**Observation 6:**To investigate the effects of multiple types of IER occurring simultaneously, mixture models and the general covariance mixture theorem can be applied iteratively.

**C**are themselves a mixture of random, straight-lining, and perhaps other kinds of IER. Therefore the general covariance mixture theorem (Lemma 1 in the present paper) can be applied repeatedly to obtain the parameters of

**C**, at which point Theorem 1 can be applied to determine whether Cronbach’s alpha will deflate or inflate.

## 4. Conclusions

## Author Contributions

## Funding

## Conflicts of Interest

## Appendix A. Proof of Lemma 2.

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**Figure 1.**Graphs showing the general behavior of cases two through five for $f\left(p\right)=a{p}^{2}+bp$, where p is the mixing proportion representing the probability of seeing a contaminating response. The sign of this function (positive or negative) on each region is equivalent to the sign of the bias of Cronbach’s alpha.

**Figure 2.**Graphs of $f\left(p\right)$, exact bias before discretization, and simulated bias after discretization for each case. The distributions described in Table 1 were used to produce these plots. In total, 10,000 respondents were simulated for each value of p.

**Table 1.**Summaries of

**V**and

**C**(before discretization) for producing each case in the context of a scale with five options.

Means of V | $\overline{{\mathit{\sigma}}_{\mathit{iV}}^{2}}$ | $\overline{{\mathit{\sigma}}_{\mathit{ijV}}}$ | Means of C | $\overline{{\mathit{\sigma}}_{\mathit{iC}}^{2}}$ | $\overline{{\mathit{\sigma}}_{\mathit{ijC}}}$ | |
---|---|---|---|---|---|---|

Case 1 | ${\mu}_{iV}=3$ for all items | 2 | 1 | ${\mu}_{iC}=3$ for all items | 2 | 1 |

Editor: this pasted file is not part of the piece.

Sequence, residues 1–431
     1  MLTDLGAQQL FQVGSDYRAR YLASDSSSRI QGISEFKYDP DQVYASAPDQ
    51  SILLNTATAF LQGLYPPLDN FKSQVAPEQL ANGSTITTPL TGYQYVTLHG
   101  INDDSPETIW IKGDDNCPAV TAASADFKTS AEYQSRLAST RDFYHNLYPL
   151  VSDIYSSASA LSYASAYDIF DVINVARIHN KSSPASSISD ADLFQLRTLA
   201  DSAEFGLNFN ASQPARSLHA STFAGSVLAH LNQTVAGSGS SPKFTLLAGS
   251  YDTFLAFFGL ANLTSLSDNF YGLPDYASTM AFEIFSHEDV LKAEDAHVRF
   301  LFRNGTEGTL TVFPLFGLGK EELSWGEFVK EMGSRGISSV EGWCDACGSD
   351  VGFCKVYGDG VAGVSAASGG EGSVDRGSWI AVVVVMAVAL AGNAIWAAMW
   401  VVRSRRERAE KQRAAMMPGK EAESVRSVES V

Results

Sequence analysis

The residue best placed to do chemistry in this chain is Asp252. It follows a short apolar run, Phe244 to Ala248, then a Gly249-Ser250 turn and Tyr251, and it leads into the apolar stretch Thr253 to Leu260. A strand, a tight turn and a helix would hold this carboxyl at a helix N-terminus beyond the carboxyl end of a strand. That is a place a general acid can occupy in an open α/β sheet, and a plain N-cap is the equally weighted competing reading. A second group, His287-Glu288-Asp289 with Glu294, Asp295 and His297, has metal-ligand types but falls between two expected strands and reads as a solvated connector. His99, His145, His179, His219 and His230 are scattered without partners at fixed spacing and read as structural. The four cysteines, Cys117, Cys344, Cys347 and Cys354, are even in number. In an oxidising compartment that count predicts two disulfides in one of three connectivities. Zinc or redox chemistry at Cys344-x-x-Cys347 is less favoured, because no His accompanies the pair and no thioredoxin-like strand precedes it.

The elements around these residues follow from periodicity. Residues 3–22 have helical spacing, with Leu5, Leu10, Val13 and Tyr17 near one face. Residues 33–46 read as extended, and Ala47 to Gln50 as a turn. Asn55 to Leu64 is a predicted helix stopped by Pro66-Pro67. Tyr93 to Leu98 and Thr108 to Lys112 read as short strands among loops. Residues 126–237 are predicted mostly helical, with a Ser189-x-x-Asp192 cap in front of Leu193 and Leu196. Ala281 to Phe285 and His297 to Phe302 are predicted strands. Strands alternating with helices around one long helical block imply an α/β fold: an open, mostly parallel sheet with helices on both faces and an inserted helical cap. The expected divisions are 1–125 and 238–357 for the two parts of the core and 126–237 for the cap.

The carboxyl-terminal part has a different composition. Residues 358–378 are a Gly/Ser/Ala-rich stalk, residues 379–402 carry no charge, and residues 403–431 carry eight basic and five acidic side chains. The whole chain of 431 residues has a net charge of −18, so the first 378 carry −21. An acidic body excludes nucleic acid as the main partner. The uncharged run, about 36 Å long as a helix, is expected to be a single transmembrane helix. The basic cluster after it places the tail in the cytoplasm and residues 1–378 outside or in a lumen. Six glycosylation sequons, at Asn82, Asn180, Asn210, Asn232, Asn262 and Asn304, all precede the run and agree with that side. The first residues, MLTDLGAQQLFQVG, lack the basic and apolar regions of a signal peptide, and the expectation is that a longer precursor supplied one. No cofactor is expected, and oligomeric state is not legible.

Case 2 | ${\mu}_{iV}=2$ for all items | 1 | 0 | ${\mu}_{iC}=4$ for all items | 1 | 0 |

Case 3 | ${\mu}_{iV}=2$ for all items | 2 | 1.5 | ${\mu}_{iC}=4$ for all items | 6 | 0 |

Case 4 | ${\mu}_{iV}=2$ for all items | 1 | 0.5 | ${\mu}_{iC}=4$ for all items | 1 | 0 |

Case 5 | ${\mu}_{iV}=3$ for all items | 1 | 0.2 | ${\mu}_{iV}=1$ for odd items; | 1 | 0.8 |

${\mu}_{iV}=5$ for even items |

**Table 2.**Summaries of

**V**and

**C**(before discretization) for producing each case in the context of a scale with binary options.

Means of V | $\overline{{\mathit{\sigma}}_{\mathit{iV}}^{2}}$ | $\overline{{\mathit{\sigma}}_{\mathit{ijV}}}$ | Means of C | $\overline{{\mathit{\sigma}}_{\mathit{iC}}^{2}}$ | $\overline{{\mathit{\sigma}}_{\mathit{ijC}}}$ | |
---|---|---|---|---|---|---|

Case 1 | ${\mu}_{iV}=0.5$ for all items | 1 | 0.5 | ${\mu}_{iC}=0.5$ for all items | 1 | 0.5 |

Case 2 | ${\mu}_{iV}=0.4$ for all items | 1 | 0 | ${\mu}_{iC}=0.6$ for all items | 1 | 0.8 |

Case 3 | ${\mu}_{iV}=0.4$ for all items | 0.5 | 0.4 | ${\mu}_{iC}=0.6$ for all items | 1 | 0 |

Case 4 | ${\mu}_{iV}=0.2$ for all items | 0.3 | 0.1 | ${\mu}_{iC}=0.8$ for all items | 0.3 | 0 |

Case 5 | ${\mu}_{iV}=0.5$ for all items | 1 | 0.3 | ${\mu}_{iC}=0$ for odd items; | 0.5 | 0.2 |

${\mu}_{iC}=1$ for even items |

**Table 3.**An example of data simulated from case 2. Each class is inconsistent, with estimates of Cronbach’s alpha being 0.13 for the valid class and 0.063 for the contaminating class, yet the combined data set estimates alpha as 0.87.

Respondent | Response Class | Q1 | Q2 | Q3 | Q4 | Q5 |
---|---|---|---|---|---|---|

1 | Contaminating | 4 | 5 | 4 | 3 | 4 |

2 | Valid | 3 | 1 | 3 | 1 | 1 |

3 | Valid | 1 | 1 | 1 | 1 | 2 |

4 | Valid | 1 | 2 | 4 | 2 | 1 |

5 | Contaminating | 4 | 4 | 3 | 2 | 4 |

6 | Valid | 1 | 1 | 1 | 1 | 2 |

7 | Valid | 2 | 3 | 1 | 2 | 2 |

8 | Contaminating | 3 | 5 | 3 | 5 | 5 |

9 | Contaminating | 3 | 5 | 3 | 4 | 3 |

10 | Valid | 2 | 2 | 4 | 2 | 1 |

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**MDPI and ACS Style**

Carden, S.W.; Camper, T.R.; Holtzman, N.S.
Cronbach’s Alpha under Insufficient Effort Responding: An Analytic Approach. *Stats* **2019**, *2*, 1-14.
https://doi.org/10.3390/stats2010001

**AMA Style**

Carden SW, Camper TR, Holtzman NS.
Cronbach’s Alpha under Insufficient Effort Responding: An Analytic Approach. *Stats*. 2019; 2(1):1-14.
https://doi.org/10.3390/stats2010001

**Chicago/Turabian Style**

Carden, Stephen W., Trevor R. Camper, and Nicholas S. Holtzman.
2019. "Cronbach’s Alpha under Insufficient Effort Responding: An Analytic Approach" *Stats* 2, no. 1: 1-14.
https://doi.org/10.3390/stats2010001